This tree was burnt and broken, but still standing after the 2015 Calbuco eruption.This means the tree was damaged by hot pyroclastic density currents, but they may not have been dense enough or carrying large enough clasts to knock the tree completely over.

This tree was buried by hot pyroclastic debris, but it didn't fall over until after the base had been completely burnt. This helps us reconstruct the timing of the eruption and how powerful the flows were.
These trees were killed by the pyroclastic flow that burnt the lower part of the trunks and singed the tops, but were later exposed when rainfall eroded the debris without knocking them over.

We also saw trees that had been damaged by passing lahars (debris flows). These are slurries of debris and water formed when the hot pyroclastic flows melted glaciers and mixed with water. These flows may be hot near the source, but cool down as they travel and incorporate more water. Lahars also formed after the eruption ended with heavy rains mixed with all the loose debris of the pyroclastic flows. These mixtures can look like fast moving cement and carry a mixture of sand up to big boulders. These flows knock things down, erode deep channels, and abrade things in their path.

The upstream part of this tree had its bark removed up 2 m above the top of the deposit (more than 6 ft). This also helps us know what direction the main flow was headed.
This large boulder became lodged against this tree trunk at the side of the river valley. You can also see how high the bark was scraped off the tree.
Looking closely at these trees you can spot smaller pebbles embedded in the wood.

This log is part of a root that had grown into previous rocky deposits and been ripped up by a lahar in 2015. The ruler is 20 cm long, or about 8 inches. Logs like this really show how powerful the lahars are to rip up trees with such large roots!

The abrasion of a passing flow can sand a tree down from a circular trunk to one like this. The bark and shape are preserved on the underside of this log, while the top half is almost gone!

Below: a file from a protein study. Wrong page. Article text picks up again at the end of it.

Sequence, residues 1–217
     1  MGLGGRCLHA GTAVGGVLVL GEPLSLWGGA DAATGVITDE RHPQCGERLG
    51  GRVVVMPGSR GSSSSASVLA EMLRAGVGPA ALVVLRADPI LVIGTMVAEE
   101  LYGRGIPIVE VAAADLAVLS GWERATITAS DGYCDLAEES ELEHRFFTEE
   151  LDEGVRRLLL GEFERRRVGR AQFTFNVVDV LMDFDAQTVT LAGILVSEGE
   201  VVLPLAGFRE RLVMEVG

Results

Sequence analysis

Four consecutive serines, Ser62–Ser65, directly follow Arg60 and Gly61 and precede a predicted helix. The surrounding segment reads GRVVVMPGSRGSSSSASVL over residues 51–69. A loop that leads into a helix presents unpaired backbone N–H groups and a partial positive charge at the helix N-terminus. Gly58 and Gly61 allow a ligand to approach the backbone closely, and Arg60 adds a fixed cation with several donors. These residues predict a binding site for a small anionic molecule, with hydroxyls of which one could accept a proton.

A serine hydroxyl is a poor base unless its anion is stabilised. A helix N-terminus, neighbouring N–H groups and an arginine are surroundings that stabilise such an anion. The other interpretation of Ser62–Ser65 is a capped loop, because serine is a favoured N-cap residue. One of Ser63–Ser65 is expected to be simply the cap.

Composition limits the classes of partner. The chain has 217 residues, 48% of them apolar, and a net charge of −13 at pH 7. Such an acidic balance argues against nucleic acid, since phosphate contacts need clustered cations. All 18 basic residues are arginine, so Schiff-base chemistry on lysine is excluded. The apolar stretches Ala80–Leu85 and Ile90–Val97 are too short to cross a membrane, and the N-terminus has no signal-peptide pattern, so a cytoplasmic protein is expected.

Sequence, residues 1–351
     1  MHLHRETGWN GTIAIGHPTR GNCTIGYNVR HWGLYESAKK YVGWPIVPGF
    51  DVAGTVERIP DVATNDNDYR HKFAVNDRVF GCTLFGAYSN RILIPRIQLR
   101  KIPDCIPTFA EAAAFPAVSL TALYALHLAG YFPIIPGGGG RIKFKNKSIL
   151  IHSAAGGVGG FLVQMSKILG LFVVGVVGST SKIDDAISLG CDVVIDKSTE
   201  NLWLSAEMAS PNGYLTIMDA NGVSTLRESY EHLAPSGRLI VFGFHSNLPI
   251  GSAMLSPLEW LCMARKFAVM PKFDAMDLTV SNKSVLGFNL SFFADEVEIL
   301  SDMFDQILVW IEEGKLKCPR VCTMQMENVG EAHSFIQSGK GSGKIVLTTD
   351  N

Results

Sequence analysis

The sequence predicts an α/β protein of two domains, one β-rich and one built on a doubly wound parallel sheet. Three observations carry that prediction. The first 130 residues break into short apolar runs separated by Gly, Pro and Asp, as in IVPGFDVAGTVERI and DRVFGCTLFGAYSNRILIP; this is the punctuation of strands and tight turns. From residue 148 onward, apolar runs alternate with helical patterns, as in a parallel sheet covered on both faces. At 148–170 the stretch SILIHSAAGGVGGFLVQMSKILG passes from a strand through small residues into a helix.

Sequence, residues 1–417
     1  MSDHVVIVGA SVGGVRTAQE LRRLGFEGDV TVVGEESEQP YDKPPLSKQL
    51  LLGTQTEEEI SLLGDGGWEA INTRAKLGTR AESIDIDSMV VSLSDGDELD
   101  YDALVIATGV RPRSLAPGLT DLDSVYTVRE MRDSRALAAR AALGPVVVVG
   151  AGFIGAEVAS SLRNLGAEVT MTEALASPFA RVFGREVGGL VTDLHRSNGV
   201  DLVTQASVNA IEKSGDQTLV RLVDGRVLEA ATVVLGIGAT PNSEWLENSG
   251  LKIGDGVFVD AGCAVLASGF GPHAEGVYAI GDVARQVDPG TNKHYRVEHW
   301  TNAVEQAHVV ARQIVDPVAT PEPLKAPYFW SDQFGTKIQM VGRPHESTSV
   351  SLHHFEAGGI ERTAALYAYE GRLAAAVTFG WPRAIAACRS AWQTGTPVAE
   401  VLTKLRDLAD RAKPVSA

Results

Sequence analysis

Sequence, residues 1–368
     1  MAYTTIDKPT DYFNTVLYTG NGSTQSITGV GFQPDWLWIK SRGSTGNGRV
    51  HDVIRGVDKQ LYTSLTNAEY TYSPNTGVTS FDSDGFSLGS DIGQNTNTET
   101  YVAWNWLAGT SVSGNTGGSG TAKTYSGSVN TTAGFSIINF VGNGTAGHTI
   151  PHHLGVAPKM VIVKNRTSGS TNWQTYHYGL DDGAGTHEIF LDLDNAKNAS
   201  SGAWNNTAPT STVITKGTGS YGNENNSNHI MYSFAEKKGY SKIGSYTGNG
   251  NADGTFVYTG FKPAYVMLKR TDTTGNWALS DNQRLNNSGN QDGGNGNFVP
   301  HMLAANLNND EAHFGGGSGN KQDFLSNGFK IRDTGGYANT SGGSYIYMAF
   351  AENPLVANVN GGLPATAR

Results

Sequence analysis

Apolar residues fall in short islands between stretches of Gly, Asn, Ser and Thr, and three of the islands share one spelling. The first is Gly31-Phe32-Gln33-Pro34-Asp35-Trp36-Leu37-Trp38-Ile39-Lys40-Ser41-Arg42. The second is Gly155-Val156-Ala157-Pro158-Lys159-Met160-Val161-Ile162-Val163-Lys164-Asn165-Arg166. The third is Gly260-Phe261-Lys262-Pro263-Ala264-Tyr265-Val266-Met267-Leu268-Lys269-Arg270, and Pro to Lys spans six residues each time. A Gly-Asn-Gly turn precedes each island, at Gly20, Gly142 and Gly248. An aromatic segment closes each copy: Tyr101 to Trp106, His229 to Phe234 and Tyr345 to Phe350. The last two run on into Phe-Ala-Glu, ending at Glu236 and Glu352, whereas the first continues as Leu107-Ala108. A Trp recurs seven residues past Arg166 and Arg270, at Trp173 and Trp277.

The logs then become part of the deposit and stick out of the ground at all sorts of weird angles.

The water from the lahars and later rain storms move the loosest rocks and trees leaving propped logs balancing in their wake.

These trees are a good example as to why geology can be compared to forensics. We can look at lots of different types of evidence after an event to reconstruct what happened and when. Documenting fresh deposits like these also help us do a better job of reconstructing older events so we have a better idea of what volcanoes can and have done in the past, so that we know how to better prepare for future eruptions.

Friday, September 9, 2016

Rocks can be movie stars too


-Alison

I still remember my first geology class as a freshman in college. I was so certain geology was for me that I was ready to declare my major before I even got to campus (very few geology majors start this way). It didn’t matter that I’d never had an Earth Science class or knew the first thing about rocks, but I knew geology was the gateway to movie-worthy jobs like Paleontology and Volcanology. The first time I was given a tray of rocks and they asked me to figure out how they were different. I didn’t have a clue beyond ‘sparkly vs. not sparkly.’  But telling rocks apart isn’t some innate skill, it is the result of observation. Anyone can do it, if you take the time to look at a rock for its parts, not just the whole. With the right push from my lab instructor it didn’t take long to start seeing all the differences that I now take for granted when looking at rocks. The size and shape of crystals, the weight, the way they break etc. I then learned how to look at the rock with more than just my bare eyes, how to slice up the rock and look at the millimeter and micron size differences, and even to use x-rays and look at the atomic differences. Now the big difference between rocks are so obvious that my husband and I will try to identify rock types from the car while driving down the highway (and do a decent, though imprecise job of it). A lot changes when you know what to look for and how to look.